Lauren Winner

This afternoon, I finshed listening to yet another stimulating interview with–you guessed it–Lauren Winner. The interview with her was recently broadcast on Inner Compass, a television interview show funded by Calvin College that “explores how people make their decisions about ethical, religious, and social justice issues.”

The episode is called “Dating,” but Winner addresses with satisfactory depth related topics such as courtship, marriage, singlehood, and community. I found enlightening her keen observations of how societal changes have affected the phenomenon of dating over the years. As well, I particularly appreciated her attempt to debunk certain unhealthy perceptions and expectations of marriage and singleness.

If you are interested in this kind of stuff, or have relationships with youth and young adults who are very likely thinking about these things and might talk to you about them, may I recommend listening to the interview. The discussion here offers a lot of good food for thought.


Here’s an insightful article about hospitality by Lauren Winner. I particularly like her observation on the Christian value/discipline behind the practice of hospitality–that is, inviting people to where we are vulnerable, not only to take care of someone, but also to cultivate intimacy is in fact a Christ-like endeavor. She reflects:

I don’t find inviting people into my life that much easier than inviting them into my apartment. At its core, cultivating an intimacy in which people can know and be known requires being honest—practicing that other Christian discipline of telling the truth about where we live and how we got there. Often, I’d rather welcome guests into a cozy apartment worthy of Southern Living. I’d rather show them a Lauren who’s put together and serene. Often, telling the truth feels absurd … “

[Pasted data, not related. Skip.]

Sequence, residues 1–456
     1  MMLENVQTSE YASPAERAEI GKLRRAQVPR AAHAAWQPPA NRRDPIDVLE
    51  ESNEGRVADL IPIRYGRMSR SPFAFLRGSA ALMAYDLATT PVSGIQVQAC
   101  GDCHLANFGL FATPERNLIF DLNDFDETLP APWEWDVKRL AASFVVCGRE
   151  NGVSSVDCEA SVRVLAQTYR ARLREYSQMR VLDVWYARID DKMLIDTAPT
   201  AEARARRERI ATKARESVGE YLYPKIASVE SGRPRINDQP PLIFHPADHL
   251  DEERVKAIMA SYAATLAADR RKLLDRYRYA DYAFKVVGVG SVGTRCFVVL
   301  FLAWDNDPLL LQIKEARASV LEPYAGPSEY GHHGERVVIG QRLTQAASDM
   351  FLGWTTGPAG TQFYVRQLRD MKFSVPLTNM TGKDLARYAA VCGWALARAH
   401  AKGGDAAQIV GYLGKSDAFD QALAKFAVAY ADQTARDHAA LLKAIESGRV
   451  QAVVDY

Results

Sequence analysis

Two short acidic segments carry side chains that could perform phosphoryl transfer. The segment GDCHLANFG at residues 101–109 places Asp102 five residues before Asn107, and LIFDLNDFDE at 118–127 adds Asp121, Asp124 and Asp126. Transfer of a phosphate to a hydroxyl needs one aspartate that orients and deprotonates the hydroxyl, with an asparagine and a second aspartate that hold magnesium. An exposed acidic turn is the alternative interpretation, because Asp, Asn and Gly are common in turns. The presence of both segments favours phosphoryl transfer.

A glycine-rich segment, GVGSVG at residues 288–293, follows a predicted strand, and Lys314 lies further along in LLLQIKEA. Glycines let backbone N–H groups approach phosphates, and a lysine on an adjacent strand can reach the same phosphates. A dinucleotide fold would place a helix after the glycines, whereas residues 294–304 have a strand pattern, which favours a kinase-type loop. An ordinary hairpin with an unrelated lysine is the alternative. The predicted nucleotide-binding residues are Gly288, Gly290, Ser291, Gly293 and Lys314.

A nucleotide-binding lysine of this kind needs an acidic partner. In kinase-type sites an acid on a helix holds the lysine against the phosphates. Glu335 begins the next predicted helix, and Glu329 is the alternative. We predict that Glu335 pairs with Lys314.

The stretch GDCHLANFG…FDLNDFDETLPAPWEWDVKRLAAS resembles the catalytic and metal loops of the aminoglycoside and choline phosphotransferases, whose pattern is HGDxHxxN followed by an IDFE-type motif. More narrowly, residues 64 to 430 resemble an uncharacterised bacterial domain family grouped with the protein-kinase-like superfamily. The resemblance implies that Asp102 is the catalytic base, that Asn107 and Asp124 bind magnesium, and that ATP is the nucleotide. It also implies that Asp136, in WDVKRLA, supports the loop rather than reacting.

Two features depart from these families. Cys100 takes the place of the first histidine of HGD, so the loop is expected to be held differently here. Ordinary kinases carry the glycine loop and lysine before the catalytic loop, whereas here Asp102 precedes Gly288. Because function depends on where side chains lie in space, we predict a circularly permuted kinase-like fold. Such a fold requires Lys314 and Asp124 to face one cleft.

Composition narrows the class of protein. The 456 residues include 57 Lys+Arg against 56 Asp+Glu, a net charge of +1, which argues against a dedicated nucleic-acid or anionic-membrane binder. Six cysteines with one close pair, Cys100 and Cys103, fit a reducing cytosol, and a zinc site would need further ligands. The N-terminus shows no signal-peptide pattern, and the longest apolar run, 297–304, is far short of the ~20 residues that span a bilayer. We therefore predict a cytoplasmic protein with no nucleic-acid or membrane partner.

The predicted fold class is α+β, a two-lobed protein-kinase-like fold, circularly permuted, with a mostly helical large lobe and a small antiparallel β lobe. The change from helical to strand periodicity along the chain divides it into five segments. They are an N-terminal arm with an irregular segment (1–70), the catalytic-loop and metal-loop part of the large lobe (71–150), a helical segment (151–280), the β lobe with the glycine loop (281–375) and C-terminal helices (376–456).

On hearing about my admiration for Lauren Winner’s writing, Jason recently pointed me towards an honest, enlightening talk that Winner gave last year at Calvin College’s January Series. The talk (followed by a Q&A) is called “Real Sex: The Naked Truth About Chastity,” based on her book with the same title. There’s clearly an edge in her voice while she speaks and fields questions–perhaps due to the sensitive nature of the topic as well as her determination to be personal and frank about her own experiences and to debunk bad thinking around talking about premarital sex.

Winner was invited again to speak at this year’s January Series. Entitling her talk “The Truth About Married Sex,” she explores the differences between the culture of premarital and married sex, as well as the expectations of these cultures. She invites her listeners to consider another way of evaluating what good sex is. I love her thinking in both talks. Her approach is descriptive, rather than presciptive. She is lucid, non-judgmental, matter-of-fact.

If you aren’t familar with her story and want to know more without having to read her memoir Girl Meets God (though I highly recommend it), may I suggest the following sequence of interviews with Dick Staub:

Segment 1 of 4

Segment 2 of 4

Segment 3 of 4

Segment 4 of 4

Lauren Winner will be teaching a course on writing as a spiritual discipline (1 or 2 credit option) at Regent College this summer, which I would love to take if I can scrape enough money together ($430/credit + $35 registration!). Lauren Winner is a keenly observant, intelligent writer and author of a couple books I enjoyed reading a few years ago, namely Girl Meets God and Real Sex. She (and therefore her writing) is refreshingly thoughtful and frank. Her style is highly readable and accessible; at the same time, she brings a certain academic rigour and scholarly inquiry to her writing. And she’s young! It would be sooooo cool to take a writing class from her.